Allergic rhinitis, also known as hay fever, rose fever or summer catarrh, is a major challenge to health professionals. A large number of the world's population, including approximately 40 million Americans, suffers from allergic rhinitis. A novel, botanical formulation (Aller-7) has been developed for the treatment of allergic rhinitis using a combination of extracts from seven medicinal plants, including Phyllanthus emblica, Terminalia chebula, T. bellerica, Albizia lebbeck, Piper nigrum, Zingiber officinale and P. longum, which have a proven history of efficacy and health benefits.
Journal of the Medical Association of Thailand = Chotmaihet Thangphaet
BACKGROUND: Tri-sa-maw recipe is comprised ofequal proportions of three herbal fruits, including Terminalia chebula Retz., Terminalia sp. and Terminalia bellirica Roxb. The traditional use of this recipe has been reported as a medication for fever; expectorant, relief of tightness in the stomach, laxative and antidiarrheal agent. OBJECTIVE: To study the effects of Tri-sa-maw recipe extract on gastrointestinal tract in both in vitro and in vivo.
Substituted benzylamide derivatives of amino acylamide (compound A,B,C, & D) were found to be less potent local anaesthetics than lignocaine and procaine. However, the four compounds exhibited sedation without ptosis and reduced spontaneous locomotor activity better than methaqualone. Compound A alone antagonised methylamphetamine induced hypermotor activity. The test compounds potentiated hexobarbitone induced hypnosis. Three compounds antagonised calcium induced stoppage of isolated heart of frog.
We have described a case in which the diagnosis of multiple sclerosis with findings of progressive paraplegia and a neurogenic bladder led to supravesical urinary diversion. Pyocystis led to creation of a urethrovesicovaginal fistula. Psychotherapy later uncovered hysterical conversion reaction. Which was cured with hypnotherapy. The urinary tract diversion was subsequently reversed after reconstruction of the bladder and urethra.
Methods and Findings in Experimental and Clinical Pharmacology
The general pharmacological profiles of a novel proton pump inhibitor, (+/-)-5-methoxy-2-[[(4-methoxy-3,5-dimethylpyrid-2-yl)methyl]sulfi nyl]- 1H-imidazo[4,5-b]pyridine, TU-199) on the central nervous system, cardiorespiratory system, autonomic nervous system, gastrointestinal system and renal functions were investigated. TU-199 had no effects on general signs and behavior in mice. TU-199 (300 mg/kg p.o.) decreased locomotor activity 3 h after administration in mice.
Journal of Alternative and Complementary Medicine (New York, N.Y.)
The assumption by aromatherapists that essential oils are more beneficial when applied as mixes of two or more was tested using several in vitro bioactivity parameters. These included assays against 25 different bacteria, pharmacological studies using a smooth muscle preparation (guinea-pig ileum) and also the predicted effect on the patient as a whole on the basis of chemical analysis (using gas chromatography). The results showed an enhancement in the antibacterial effect of some essential oils when used in mixes only when these were poor antibacterial agents on their own.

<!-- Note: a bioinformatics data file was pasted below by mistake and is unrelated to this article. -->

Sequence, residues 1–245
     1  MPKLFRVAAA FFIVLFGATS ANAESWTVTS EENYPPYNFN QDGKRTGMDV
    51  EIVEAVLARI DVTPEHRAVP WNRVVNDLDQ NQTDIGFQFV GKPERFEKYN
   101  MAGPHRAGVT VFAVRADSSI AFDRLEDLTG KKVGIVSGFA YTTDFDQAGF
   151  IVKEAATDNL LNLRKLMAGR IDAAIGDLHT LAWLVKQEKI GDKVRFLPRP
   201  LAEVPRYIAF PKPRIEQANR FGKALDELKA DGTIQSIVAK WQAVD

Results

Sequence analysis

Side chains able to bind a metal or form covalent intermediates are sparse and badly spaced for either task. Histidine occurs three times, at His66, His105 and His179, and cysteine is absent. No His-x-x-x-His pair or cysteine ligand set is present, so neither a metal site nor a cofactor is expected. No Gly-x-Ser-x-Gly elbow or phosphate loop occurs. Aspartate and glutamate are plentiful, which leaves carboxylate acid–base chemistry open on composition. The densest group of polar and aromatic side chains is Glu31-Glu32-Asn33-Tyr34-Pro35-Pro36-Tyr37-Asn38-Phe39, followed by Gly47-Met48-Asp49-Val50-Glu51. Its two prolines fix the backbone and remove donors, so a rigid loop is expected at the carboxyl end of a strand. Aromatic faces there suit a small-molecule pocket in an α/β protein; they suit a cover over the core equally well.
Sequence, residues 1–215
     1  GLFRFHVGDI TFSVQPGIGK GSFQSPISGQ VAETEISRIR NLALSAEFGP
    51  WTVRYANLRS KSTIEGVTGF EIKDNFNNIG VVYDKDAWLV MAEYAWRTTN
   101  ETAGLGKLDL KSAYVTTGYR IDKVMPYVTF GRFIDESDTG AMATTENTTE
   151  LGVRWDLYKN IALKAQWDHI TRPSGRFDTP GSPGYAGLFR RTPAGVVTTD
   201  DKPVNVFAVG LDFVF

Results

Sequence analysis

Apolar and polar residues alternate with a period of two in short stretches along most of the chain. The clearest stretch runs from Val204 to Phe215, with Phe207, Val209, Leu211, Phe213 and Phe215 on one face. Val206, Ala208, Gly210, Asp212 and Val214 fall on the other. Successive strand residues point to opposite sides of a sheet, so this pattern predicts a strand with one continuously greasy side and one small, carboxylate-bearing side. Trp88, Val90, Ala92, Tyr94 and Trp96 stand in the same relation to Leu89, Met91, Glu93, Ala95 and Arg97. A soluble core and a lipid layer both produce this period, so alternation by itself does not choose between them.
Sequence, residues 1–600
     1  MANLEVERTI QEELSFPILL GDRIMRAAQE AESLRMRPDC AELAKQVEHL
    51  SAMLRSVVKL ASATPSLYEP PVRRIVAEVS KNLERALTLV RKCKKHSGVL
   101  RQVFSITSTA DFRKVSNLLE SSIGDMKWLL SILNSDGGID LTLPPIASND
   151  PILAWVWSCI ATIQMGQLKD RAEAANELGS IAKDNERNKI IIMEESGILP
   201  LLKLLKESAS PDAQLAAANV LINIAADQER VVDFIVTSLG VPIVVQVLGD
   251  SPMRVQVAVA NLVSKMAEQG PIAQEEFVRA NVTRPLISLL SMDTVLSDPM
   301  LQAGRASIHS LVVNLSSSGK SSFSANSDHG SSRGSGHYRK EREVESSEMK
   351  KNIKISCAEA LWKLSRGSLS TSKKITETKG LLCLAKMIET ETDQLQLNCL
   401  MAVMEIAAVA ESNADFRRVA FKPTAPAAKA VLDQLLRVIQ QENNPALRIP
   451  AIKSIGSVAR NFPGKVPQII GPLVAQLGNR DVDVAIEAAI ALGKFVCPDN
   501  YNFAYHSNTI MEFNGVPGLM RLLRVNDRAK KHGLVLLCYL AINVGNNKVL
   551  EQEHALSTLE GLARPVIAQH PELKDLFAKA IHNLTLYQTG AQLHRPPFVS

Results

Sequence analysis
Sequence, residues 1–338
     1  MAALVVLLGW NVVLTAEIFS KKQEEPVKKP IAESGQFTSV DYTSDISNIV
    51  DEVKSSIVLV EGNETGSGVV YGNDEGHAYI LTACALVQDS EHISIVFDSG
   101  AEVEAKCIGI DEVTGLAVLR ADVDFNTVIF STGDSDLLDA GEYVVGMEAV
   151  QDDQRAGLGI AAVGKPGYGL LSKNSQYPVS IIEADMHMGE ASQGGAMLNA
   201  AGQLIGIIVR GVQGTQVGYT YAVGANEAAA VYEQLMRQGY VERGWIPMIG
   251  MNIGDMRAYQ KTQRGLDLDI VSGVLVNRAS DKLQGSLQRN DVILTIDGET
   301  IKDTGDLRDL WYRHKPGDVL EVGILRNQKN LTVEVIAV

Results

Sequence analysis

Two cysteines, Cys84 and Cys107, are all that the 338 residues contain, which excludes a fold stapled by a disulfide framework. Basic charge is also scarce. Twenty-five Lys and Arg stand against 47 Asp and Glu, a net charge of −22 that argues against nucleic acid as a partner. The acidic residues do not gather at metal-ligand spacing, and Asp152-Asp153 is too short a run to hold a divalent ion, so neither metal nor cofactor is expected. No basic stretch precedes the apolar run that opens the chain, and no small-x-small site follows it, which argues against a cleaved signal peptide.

The two New Zealand tea-tree oils, Manuka (Leptospermum scoparium J.R. et G. Forst) and Kanuka (Kunzea ericoides (A. Rich) J. Thompson), Myrtaceae have been used as folk medicines for treating diarrhoea, colds and inflammation but their pharmacological action has not been investigated. Their mode of action was therefore studied on the field-stimulated guinea-pig ileum. Both Manuka and Kanuka oils induced a spasmolytic effect but Kanuka produced an initial contraction. The spasmolytic action of both oils was the result of a post-synaptic mechanism.
Lavender (Lavandula angustifolia, P. Miller) is used in aromatherapy as a holistic relaxant and is said to have carminative, antiflatulence and anticolic properties. Its sedative nature, on inhalation, has been shown both in animals and man. Lavender has a spasmolytic activity on guineapig ileum and rat uterus in vitro and it also decreases the tone in the skeletal muscle preparation of the phrenic nerve-diaphragm of rats. As the mechanism of action has not been studied previously, the spasmolytic activity was studied in vitro using a guinea-pig ileum smooth muscle preparation.
Jasmine (Jasminum grandiflorum L.) is used in aromatherapy as a holistic treatment for apathy, hysteria, uterine disorders and childbirth, muscle relaxation and coughs. Its stimulant nature, on inhalation, has been shown both in animals and man. Jasmine has a spasmolytic activity on guinea-pig ileum and rat uterus in vitro. The mechanism of action of the spasmolytic activity, studied in vitro using a guinea-pig ileum smooth muscle preparation, was postsynaptic and not atropine-like.
The effects of Abana, an Ayurvedic remedy, administered orally to rabbits was studied for its effects on isolated atria and intestine. Administration of Abana for 3 days increased the basal amplitude and reduced the responses of atria to isoprenaline and norepinephrine. Combined treatment with Abana and isoprenaline reduced this effect. It is possible that Abana treatment for 3 days has an action similar to that of chronic administration of isoprenaline (down regulation of beta receptors). A similar down regulation of beta receptors of smooth muscle of rabbit intestine also seems to occur.